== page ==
Closed Bug 1370027 Opened 3 years ago Closed 3 years ago
_worker _unix .js worker thread is pegging an entire CPU
59 bytes, text/x-review-board-request
Bug 1370027: Part 2 - Use Subprocess.jsm rather than nsIProcess to create the Browser Toolbox process.
59 bytes, text/x-review-board-request
I've had a local opt build of Firefox running for a few days (since Wednesday May 31 at 16:31 PDT, to be exact). It's running https://hg.mozilla.org/mozilla-central/rev/34ac1a5d6576 (plus my local patches as of Monday May 29 at 20:14 PDT up to "Don't propagate style flushes to the parent document"). I notice that Firefox is pegging an entire core and then some. "top -H" shows that the guilty thread is a worker thread, and adding "Worker" to the thread filter in the Gecko profiler (https://perf-html.io/ and see bug 1297773) shows that the problematic worker is an instance of toolkit/modules/subprocess/subprocess_worker_unix.js . It's pretty bad that our own code has run away like this and is pegging an entire CPU core. Profile at https://perfht.ml/2rnHMxf [Tracking Requested - why for this release]: This is a massive power usage bug -- it would lead to users basically reporting all the time that Firefox is killing their battery. It's unacceptable to ship in this state.
s/all the time/whenever this bug occurs/ (since I'm not sure what triggers it)
And here's a profile that also includes the Timer thread: https://perfht.ml/2rnF3UC (top -H says this worker thread is using 92% CPU and the Timer thread is using 37% CPU, with two other worker threads using 6% and 1%.)
Presumably this is triggered by the profiler's use of the Subprocess API, but it's hard to tell from that profile whether it's a bug in the profiler API or a bug in the subprocess implementation. But from that profile, it *looks* like we're spawning a huge number of processes and waiting for them to exit when there's an error. It may be caused by another WebExtension that uses the native messaging API, though. What extensions do you have installed in that profile? Also, a surprising amount of that time seems to be spent in WorkerPrivate::SetGCTimerMode, canceling GC timers.
The only other extension I have installed is https://addons.mozilla.org/en-US/firefox/addon/character-identifier/ (source at https://github.com/dbaron/char-identifier ) which doesn't use native messaging (as far as I'm aware).
(have installed *and enabled*, at least)
Also, this Firefox is still running, so I can debug it to figure out what ran this if there's a good way to do so.
(Also, perhaps this JS code could have profiler labels that say who ran it and/or what it was running? Is that something that we can do with the profiler?)
Do you have any useful output in the browser console? And, if you can debug that worker thread, can you check the values of the io.processes map? In particular, the exitCode and pid properties should give us some idea of whether we're in an inifinite loop polling for the same process that's already exited (or failed to spawn). (In reply to David Baron :dbaron: ⌚️UTC-7 from comment #7) > (Also, perhaps this JS code could have profiler labels that say who ran it > and/or what it was running? Is that something that we can do with the > profiler?) Not at the moment, but I agree that it would be helpful.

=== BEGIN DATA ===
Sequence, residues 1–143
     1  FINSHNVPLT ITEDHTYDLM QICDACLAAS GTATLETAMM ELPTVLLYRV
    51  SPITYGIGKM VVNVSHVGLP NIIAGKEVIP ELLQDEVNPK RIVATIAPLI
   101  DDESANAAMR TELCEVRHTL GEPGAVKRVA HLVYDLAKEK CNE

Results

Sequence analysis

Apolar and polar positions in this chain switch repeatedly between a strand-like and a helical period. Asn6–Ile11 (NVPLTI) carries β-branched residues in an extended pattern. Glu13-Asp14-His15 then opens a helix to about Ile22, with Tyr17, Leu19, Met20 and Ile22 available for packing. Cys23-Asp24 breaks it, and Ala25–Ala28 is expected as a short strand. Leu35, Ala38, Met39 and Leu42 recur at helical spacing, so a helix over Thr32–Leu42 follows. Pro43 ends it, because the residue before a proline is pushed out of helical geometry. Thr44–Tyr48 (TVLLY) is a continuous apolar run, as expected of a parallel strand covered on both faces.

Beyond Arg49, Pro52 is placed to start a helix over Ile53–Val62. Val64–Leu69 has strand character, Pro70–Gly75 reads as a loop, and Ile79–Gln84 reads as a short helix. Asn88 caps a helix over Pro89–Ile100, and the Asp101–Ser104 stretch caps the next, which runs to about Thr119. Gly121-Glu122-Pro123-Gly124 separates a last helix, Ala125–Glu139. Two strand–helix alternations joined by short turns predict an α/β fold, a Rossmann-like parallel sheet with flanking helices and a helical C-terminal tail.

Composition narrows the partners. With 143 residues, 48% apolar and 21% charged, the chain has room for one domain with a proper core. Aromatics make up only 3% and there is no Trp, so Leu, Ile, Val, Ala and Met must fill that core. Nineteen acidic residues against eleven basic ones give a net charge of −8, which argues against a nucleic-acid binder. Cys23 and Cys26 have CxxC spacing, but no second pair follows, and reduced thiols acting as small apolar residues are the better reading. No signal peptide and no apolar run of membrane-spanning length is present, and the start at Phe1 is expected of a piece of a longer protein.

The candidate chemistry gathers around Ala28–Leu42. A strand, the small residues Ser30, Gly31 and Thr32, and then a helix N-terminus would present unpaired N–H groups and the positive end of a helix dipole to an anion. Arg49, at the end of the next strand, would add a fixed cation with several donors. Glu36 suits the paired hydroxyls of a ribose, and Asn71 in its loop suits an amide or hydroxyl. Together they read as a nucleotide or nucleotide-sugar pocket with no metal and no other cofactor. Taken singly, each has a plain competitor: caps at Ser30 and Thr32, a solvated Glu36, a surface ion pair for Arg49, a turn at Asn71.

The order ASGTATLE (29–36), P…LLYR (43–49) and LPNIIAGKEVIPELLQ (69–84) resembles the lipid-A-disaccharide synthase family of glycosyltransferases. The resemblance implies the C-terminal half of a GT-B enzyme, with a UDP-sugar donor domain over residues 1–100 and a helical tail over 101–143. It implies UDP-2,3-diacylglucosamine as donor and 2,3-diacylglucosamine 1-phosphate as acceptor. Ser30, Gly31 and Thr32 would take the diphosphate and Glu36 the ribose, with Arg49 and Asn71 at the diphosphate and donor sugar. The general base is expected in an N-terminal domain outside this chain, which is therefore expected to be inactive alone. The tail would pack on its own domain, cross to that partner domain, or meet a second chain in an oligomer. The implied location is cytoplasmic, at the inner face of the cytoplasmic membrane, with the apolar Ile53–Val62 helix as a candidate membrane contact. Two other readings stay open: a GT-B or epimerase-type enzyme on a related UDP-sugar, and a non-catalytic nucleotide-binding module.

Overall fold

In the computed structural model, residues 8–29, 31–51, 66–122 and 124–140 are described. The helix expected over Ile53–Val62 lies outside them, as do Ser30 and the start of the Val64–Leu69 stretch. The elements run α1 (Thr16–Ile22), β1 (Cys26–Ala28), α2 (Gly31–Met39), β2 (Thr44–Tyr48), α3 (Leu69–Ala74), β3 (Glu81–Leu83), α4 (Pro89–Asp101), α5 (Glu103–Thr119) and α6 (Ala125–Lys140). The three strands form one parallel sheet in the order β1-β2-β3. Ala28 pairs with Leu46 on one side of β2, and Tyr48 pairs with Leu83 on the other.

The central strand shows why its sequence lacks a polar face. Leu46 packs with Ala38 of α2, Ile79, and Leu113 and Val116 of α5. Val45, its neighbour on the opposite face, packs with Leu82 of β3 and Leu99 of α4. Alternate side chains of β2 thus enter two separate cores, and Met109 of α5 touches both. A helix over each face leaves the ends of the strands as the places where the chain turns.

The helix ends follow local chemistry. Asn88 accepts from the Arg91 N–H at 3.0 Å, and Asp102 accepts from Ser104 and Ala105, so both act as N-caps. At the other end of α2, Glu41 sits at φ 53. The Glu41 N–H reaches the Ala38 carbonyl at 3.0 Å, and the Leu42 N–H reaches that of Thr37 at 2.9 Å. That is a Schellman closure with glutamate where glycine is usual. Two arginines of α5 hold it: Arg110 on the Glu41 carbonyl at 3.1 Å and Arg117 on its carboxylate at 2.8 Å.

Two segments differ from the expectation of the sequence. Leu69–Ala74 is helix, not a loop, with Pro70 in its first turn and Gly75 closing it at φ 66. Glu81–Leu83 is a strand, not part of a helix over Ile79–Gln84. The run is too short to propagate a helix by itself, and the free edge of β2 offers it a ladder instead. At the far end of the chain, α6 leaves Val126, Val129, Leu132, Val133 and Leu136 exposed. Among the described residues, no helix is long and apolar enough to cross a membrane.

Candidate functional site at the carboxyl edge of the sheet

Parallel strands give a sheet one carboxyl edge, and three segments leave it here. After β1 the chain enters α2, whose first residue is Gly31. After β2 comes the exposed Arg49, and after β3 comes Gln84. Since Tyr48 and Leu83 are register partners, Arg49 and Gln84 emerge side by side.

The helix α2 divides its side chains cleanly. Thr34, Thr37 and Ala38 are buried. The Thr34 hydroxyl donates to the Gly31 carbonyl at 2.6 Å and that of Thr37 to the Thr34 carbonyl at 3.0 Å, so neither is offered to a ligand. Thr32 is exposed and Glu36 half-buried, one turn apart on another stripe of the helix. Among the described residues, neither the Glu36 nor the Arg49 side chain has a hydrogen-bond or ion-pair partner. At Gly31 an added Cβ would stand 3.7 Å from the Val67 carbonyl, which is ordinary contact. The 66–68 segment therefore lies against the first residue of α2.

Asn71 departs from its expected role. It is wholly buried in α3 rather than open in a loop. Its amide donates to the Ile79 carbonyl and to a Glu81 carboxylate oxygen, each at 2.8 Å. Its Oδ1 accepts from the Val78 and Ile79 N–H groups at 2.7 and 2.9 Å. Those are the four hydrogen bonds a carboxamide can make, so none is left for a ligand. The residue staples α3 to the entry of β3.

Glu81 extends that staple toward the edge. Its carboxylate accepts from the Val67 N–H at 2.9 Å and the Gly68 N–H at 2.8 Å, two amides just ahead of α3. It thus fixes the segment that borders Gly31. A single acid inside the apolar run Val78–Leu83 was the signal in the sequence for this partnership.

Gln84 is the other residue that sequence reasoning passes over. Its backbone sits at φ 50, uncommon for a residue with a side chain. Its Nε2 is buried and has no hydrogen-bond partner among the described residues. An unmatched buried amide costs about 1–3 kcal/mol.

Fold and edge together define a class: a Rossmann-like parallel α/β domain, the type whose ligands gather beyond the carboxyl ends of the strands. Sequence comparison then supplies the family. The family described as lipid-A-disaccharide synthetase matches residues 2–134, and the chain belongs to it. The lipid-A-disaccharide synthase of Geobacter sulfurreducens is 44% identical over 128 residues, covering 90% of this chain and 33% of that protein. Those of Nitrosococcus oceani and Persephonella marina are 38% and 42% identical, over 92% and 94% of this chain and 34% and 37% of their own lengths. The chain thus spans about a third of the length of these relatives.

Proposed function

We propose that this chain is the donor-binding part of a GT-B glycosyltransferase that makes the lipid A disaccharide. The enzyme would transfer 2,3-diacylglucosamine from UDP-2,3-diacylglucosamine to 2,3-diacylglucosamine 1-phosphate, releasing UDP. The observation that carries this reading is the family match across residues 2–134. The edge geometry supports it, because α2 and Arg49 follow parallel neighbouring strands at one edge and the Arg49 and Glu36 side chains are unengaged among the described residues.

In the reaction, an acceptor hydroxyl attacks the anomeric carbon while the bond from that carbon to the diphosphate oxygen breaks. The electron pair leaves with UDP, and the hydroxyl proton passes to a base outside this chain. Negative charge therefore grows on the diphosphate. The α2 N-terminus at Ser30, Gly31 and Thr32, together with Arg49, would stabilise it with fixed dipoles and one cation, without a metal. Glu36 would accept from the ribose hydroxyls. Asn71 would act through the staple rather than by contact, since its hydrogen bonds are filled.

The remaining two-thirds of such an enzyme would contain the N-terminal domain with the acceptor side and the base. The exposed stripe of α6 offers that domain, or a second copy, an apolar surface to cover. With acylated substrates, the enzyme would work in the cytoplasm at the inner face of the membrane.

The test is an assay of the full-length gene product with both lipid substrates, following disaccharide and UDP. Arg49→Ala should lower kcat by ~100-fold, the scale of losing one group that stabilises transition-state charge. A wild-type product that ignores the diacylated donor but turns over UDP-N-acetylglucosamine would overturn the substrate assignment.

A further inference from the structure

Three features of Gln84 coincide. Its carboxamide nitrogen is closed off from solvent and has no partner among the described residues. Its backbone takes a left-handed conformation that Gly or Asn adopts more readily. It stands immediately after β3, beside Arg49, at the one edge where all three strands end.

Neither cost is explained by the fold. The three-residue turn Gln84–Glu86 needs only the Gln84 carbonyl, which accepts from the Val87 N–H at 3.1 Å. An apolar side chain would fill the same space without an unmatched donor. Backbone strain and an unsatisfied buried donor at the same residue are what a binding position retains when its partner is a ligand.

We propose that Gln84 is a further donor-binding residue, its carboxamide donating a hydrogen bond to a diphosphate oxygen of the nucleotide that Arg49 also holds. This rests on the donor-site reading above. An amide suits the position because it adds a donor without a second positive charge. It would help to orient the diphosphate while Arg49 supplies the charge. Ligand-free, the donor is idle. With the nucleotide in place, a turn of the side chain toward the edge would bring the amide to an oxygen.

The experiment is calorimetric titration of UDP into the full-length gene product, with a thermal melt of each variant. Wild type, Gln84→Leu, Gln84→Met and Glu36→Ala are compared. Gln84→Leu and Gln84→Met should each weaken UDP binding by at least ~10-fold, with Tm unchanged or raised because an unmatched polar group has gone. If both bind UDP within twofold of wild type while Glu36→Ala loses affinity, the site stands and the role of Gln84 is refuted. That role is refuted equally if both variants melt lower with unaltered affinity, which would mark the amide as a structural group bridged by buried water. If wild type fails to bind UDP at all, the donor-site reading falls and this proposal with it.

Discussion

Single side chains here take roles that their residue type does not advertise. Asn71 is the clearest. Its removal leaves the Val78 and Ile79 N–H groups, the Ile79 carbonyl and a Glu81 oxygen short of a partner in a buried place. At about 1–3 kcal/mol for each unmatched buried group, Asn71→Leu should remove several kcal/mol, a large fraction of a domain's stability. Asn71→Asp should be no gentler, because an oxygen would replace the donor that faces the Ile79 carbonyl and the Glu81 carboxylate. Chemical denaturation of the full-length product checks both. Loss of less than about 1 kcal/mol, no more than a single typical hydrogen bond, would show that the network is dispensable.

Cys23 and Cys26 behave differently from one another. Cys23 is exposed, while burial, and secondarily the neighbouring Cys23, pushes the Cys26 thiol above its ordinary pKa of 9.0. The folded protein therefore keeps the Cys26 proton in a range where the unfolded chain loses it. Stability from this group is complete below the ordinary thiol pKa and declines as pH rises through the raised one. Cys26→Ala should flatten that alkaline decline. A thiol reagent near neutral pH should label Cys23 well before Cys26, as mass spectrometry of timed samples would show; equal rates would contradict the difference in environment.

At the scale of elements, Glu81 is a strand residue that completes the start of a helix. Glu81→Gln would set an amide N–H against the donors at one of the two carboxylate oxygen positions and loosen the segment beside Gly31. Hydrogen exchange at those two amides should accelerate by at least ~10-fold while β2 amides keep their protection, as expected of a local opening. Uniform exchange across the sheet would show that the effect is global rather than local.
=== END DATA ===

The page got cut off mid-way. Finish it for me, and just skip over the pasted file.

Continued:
There are 39 elements in the map. All have an exitCode of null. None of the PIDs correspond to running processes.
OK. That's interesting... So clearly Process.wait() is failing, and we're continuing to poll for processes that don't exist anymore. But the question is why. I guess the most likely possibilities are that either something is changing the SIGCHLD handler for your parent process to SIG_IGN, or some other thread is calling wait() or waitpid(-1) and reaping the process before the worker gets a chance. And, unfortunately,  looks like a likely culprit for the latter. So this probably winds up happening as soon as someone uses nsIProcess. From a quick code search, I suspect that's the Browser Toolbox in this case. If so, the simplest short term solution is probably to update that code not to use nsIProcess. Beyond that, we should probably try to handle that situation non-catastrophically, but I'd be very surprised if that wait loop thread doesn't cause problems elsewhere, particularly for our IPC code. : http://searchfox.org/mozilla-central/rev/507743376d1ba753d14ab6b9305b7c6358570be8/nsprpub/pr/src/md/unix/uxproces.c#648 : http://searchfox.org/mozilla-central/rev/507743376d1ba753d14ab6b9305b7c6358570be8/devtools/client/framework/ToolboxProcess.jsm#234
Comment on attachment 8875055 [details] Bug 1370027: Part 1 - Cleanly handle a subprocess child being reaped by NSPR. https://reviewboard.mozilla.org/r/146422/#review150436 I was looking forward to subprocess.rs but this will do in the mean time.
Attachment #8875055 - Flags: review?(aswan) → review+
(In reply to Andrew Swan [:aswan] from comment #14) > I was looking forward to subprocess.rs Some day...
Comment on attachment 8875056 [details] Bug 1370027: Part 2 - Use Subprocess.jsm rather than nsIProcess to create the Browser Toolbox process. https://reviewboard.mozilla.org/r/146424/#review150820 This all looks reasonable, and the Browser Toolbox still works, so fine by me
Attachment #8875056 - Flags: review?(bgrinstead) → review+
https://hg.mozilla.org/integration/mozilla-inbound/rev/f4f2dab8b32338f937a3661946809df4674440d6 Bug 1370027: Part 1 - Cleanly handle a subprocess child being reaped by NSPR. r=aswan https://hg.mozilla.org/integration/mozilla-inbound/rev/0d16a08bbcfa181535789a43856ef176cc9829c8 Bug 1370027: Part 2 - Use Subprocess.jsm rather than nsIProcess to create the Browser Toolbox process. r=bgrins
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